Analysing the microbiota of 30 mPDAC patients revealed differences between R and NR patients. Transferring the microbiota of R patients to mice with pancreatic tumours reduced the size of the tumours after chemotherapy. The tryptophan metabolite 3-IAA was enriched in R patients and mice with R microbiota, potentially contributing to the response to chemotherapy. The administration of 3-IAA increased the efficacy of chemotherapy in mice (figure 1). The analysis of immune cells in mice showed an increase in CD8+ T cells and a reduction in neutrophils in mice with a microbiota associated with a good response to chemotherapy. 3-IAA affected the MPO of neutrophils, thereby reducing their survival. The combination of 3-IAA and chemotherapy reduced the number of neutrophils and inhibited tumour growth, with MPO playing a crucial role. It is suggested that MPO induces the ROS production leading to cell death during chemotherapy. In-vitro experiments have shown that 3-IAA increases ROS levels. This effect was confirmed in vivo and the inhibition of ROS by N-acetylcysteine abolished the efficacy of FIRINOX in mice with high 3-IAA levels. The authors then showed that the effect of 3-IAA was linked to downregulation of autophagy. Finally, high serum concentrations of 3-IAA were correlated to a reduction in neutrophil counts and improved survival in the two cohorts of human patients.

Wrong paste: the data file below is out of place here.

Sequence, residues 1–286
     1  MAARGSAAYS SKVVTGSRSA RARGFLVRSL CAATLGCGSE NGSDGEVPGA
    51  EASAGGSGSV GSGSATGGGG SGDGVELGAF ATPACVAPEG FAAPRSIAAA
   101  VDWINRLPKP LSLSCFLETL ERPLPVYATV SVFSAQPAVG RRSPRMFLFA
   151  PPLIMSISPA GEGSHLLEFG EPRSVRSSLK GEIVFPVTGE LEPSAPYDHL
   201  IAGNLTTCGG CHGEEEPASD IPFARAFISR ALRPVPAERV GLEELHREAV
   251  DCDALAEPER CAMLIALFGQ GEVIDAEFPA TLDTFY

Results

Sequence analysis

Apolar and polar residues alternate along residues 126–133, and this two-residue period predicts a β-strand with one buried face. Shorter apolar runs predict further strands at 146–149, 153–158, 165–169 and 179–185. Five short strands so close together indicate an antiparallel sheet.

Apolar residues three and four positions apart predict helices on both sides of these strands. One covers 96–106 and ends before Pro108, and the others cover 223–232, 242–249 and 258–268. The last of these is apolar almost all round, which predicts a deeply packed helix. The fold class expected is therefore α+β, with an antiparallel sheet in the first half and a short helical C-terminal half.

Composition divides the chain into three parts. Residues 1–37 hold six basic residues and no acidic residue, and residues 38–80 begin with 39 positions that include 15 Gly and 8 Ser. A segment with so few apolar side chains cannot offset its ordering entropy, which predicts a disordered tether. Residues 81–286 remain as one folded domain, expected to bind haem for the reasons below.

What are the consequences in practice?
The intestinal microbiota has an effect on chemotherapy responses. The mechanisms involved in this study demonstrates the role of microbial metabolites, particularly tryptophan metabolites. Among these, 3-IAA is not only a predictive marker of response to chemotherapy in PDAC, but could also offer an adjuvant therapeutic drug.
The intestinal microbiota has an effect on chemotherapy responses in PDAC. One of its metabolites, 3-IAA, is a predictor of a good response to chemotherapy and enhances its effect by inducing an accumulation of ROS and reducing autophagy in cancer cells.
1.Tintelnot J, Xu Y, Lesker TR, et al. Microbiota-derived 3-IAA influences chemotherapy efficacy in pancreatic cancer. Nature 2023 ; 615 : 168-74.
2. Baruch EN, Youngster I, Ben-Betzalel G, et al. Fecal microbiota transplant promotes response in immunotherapy-refractory melanoma patients. Science 2021 ; 371 : 602-9.
3. Spencer CN, McQuade JL, Gopalakrishnan V, et al. Dietary fiber and probiotics influence the gut microbiome and melanoma immunotherapy response. Science 2021 ; 374 : 1632-40.
4. Thomas RM, Jobin, C. Microbiota in pancreatic health and disease: the next frontier in microbiome research. Nat Rev Gastroenterol Hepatol 2020 ; 17 : 53-64.